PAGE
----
A new study led by researchers at the University of California, Los Angeles has found that young adults who have experienced discrimination have a higher risk for both short- and long-term behavioral and mental health problems.
Researchers examined a decade’s worth of health data on 1,834 Americans who were between 18 and 28 years old when the study began. They found that the effects of discrimination may be cumulative — that the greater number of incidents of discrimination someone experiences, the more their risk for mental and behavioral problems increases.
Previous studies have linked discrimination — whether due to racism, sexism, ageism, physical appearance or other biases — to a higher risk for mental illness, psychological distress, and drug use. While previous research has examined the correlation in childhood or later adulthood, this new study is the first to focus on the transition to adulthood and to follow the same group of individuals over time.
“With 75 percent of all lifetime mental health disorders presenting by age 24, the transition to adulthood is a crucial time to prevent mental and behavioral health problems,” said Yvonne Lei, a medical student at the David Geffen School of Medicine at UCLA and the study’s corresponding author.
The analysis showed that participants who experienced frequent discrimination, defined as a few times per month or more, were roughly 25 percent more likely to be diagnosed with a mental illness and twice as likely to develop severe psychological distress than those who had not experienced discrimination or had experienced it a few times per year or less. Overall, people who experienced any amount of discrimination had a 26 percent greater risk for poor health than people who said they did not experience discrimination.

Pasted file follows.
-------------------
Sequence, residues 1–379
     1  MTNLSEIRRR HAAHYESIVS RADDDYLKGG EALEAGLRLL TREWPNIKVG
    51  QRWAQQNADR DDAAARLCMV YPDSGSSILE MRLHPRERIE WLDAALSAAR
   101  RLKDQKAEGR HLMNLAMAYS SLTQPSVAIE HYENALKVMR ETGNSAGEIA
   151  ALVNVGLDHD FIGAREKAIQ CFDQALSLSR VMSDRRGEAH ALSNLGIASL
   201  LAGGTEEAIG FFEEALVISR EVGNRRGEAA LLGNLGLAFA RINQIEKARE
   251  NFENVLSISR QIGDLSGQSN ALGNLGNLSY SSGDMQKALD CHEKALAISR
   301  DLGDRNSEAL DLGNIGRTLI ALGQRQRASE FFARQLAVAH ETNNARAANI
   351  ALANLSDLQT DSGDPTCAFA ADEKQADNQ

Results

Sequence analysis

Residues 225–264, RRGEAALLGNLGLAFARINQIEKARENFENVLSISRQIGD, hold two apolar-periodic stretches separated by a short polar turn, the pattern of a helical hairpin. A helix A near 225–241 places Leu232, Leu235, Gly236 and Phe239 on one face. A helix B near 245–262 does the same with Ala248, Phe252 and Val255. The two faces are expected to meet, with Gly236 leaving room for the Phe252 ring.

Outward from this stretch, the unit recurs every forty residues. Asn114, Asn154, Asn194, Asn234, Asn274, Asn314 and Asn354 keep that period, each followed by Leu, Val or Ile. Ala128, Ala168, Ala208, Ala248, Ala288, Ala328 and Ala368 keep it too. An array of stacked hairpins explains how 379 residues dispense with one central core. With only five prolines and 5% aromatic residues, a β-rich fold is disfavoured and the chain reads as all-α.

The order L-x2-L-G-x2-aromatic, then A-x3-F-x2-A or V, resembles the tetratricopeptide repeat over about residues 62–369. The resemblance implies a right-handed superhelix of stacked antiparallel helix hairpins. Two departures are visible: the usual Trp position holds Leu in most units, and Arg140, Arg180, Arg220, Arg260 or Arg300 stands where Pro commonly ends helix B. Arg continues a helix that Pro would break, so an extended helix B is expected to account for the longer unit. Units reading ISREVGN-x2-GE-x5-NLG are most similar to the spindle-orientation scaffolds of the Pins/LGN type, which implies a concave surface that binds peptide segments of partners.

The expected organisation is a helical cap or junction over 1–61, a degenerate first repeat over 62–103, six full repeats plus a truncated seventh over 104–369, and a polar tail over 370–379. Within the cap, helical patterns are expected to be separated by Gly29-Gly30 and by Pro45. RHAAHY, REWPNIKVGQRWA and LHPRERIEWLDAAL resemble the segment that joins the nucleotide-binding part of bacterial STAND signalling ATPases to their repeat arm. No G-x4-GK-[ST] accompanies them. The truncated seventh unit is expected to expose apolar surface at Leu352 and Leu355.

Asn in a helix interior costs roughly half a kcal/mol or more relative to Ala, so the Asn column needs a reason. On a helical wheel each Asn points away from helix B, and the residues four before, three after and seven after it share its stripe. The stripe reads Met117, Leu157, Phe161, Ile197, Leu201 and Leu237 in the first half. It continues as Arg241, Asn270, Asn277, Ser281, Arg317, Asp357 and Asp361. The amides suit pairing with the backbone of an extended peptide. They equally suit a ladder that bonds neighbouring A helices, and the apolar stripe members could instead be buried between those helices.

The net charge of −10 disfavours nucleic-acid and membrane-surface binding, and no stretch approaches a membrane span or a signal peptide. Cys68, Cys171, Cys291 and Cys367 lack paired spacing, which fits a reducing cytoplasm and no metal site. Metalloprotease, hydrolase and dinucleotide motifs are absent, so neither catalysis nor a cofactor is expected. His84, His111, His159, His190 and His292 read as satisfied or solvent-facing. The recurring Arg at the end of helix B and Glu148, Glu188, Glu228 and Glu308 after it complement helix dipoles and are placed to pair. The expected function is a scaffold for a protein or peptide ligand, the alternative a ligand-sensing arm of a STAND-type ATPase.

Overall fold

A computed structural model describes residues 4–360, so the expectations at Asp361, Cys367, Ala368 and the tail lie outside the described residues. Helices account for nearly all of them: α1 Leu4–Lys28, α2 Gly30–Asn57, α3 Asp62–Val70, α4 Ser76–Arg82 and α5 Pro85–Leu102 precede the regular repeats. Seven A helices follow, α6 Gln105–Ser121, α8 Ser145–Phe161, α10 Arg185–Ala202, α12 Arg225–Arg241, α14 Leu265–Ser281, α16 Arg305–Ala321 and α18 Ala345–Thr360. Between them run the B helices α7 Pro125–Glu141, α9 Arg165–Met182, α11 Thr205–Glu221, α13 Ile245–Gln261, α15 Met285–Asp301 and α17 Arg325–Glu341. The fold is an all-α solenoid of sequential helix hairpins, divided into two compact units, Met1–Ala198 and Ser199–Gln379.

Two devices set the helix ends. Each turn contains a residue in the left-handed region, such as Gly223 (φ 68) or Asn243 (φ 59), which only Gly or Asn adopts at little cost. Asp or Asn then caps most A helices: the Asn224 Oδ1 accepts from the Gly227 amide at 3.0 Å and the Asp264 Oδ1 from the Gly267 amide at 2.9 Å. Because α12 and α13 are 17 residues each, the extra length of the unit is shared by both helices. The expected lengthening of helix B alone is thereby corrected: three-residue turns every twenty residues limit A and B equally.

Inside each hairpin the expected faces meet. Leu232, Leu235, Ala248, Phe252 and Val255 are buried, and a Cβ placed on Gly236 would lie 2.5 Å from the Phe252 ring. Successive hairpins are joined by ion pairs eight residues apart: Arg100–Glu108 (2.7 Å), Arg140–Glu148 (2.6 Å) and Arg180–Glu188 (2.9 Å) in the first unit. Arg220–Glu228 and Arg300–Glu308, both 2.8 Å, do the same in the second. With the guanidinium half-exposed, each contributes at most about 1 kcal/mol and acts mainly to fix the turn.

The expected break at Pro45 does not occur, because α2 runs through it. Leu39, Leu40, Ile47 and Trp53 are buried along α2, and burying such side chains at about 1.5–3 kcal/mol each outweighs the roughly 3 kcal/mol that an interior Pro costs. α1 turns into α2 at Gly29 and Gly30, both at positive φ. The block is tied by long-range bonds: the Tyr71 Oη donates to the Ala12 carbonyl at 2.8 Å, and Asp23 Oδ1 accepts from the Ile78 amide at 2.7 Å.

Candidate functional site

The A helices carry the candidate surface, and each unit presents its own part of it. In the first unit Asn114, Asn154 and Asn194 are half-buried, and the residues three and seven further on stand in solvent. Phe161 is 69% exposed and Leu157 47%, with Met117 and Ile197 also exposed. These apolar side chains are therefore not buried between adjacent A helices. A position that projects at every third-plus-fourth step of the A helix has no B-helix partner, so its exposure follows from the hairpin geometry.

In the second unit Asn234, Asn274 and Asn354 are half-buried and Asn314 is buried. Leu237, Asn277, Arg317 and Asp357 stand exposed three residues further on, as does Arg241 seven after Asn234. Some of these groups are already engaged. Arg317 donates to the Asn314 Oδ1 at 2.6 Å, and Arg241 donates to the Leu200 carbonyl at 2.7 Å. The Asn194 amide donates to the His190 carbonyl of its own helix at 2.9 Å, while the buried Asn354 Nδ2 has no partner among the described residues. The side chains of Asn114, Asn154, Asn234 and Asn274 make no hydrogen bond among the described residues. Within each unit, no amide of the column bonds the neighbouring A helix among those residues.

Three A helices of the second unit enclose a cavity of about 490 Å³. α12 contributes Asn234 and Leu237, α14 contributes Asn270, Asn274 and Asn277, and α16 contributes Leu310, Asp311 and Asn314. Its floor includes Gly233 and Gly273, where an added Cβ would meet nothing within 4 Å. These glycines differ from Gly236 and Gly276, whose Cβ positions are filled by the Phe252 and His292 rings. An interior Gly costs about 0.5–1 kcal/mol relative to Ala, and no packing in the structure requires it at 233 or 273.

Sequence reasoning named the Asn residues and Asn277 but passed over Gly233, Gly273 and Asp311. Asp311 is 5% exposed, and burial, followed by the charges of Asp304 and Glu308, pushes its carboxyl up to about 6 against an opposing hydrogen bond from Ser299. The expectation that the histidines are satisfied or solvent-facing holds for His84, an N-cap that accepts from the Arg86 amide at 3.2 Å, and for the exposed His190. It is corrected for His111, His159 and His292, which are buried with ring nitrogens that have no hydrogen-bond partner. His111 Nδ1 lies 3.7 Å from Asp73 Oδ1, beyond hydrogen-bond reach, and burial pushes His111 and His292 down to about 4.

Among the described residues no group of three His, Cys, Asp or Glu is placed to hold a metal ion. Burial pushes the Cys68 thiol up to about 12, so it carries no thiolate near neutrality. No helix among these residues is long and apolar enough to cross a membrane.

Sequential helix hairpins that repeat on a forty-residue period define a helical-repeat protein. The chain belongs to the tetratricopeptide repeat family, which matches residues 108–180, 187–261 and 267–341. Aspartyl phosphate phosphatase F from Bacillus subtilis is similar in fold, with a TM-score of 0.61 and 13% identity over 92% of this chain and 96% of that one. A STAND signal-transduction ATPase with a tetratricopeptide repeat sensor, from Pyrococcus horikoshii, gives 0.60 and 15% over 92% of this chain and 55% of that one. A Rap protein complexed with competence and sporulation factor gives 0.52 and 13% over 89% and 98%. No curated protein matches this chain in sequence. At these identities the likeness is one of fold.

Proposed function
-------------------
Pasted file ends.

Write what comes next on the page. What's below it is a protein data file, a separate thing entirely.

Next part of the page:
During the 10-year period, young adults in the study who had experienced multiple successive years of high-frequency discrimination showed a much more pronounced, cumulative risk for mental illness, psychological distress, drug use, and worse overall health.
“The associations we found are likely also intertwined with mental health care service disparities — including inequities in care access, provider biases and structural and institutional discrimination in health care — leading to inequities in diagnoses, treatment, and outcomes,” said the study’s senior author, Adam Schickedanz, an assistant professor of pediatrics at the Geffen School of Medicine.